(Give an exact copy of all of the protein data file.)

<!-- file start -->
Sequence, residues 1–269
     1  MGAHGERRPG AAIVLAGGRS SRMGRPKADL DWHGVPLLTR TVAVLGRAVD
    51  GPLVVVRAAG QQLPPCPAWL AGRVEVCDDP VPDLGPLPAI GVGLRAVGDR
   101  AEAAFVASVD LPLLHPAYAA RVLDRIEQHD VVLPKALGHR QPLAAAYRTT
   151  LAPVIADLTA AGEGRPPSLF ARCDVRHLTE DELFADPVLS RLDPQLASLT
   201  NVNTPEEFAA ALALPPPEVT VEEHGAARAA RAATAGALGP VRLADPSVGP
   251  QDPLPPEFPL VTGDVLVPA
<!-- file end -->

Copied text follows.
Sequence, residues 1–269
     1  MGAHGERRPG AAIVLAGGRS SRMGRPKADL DWHGVPLLTR TVAVLGRAVD
    51  GPLVVVRAAG QQLPPCPAWL AGRVEVCDDP VPDLGPLPAI GVGLRAVGDR
   101  AEAAFVASVD LPLLHPAYAA RVLDRIEQHD VVLPKALGHR QPLAAAYRTT
   151  LAPVIADLTA AGEGRPPSLF ARCDVRHLTE DELFADPVLS RLDPQLASLT
   201  NVNTPEEFAA ALALPPPEVT VEEHGAARAA RAATAGALGP VRLADPSVGP
   251  QDPLPPEFPL VTGDVLVPA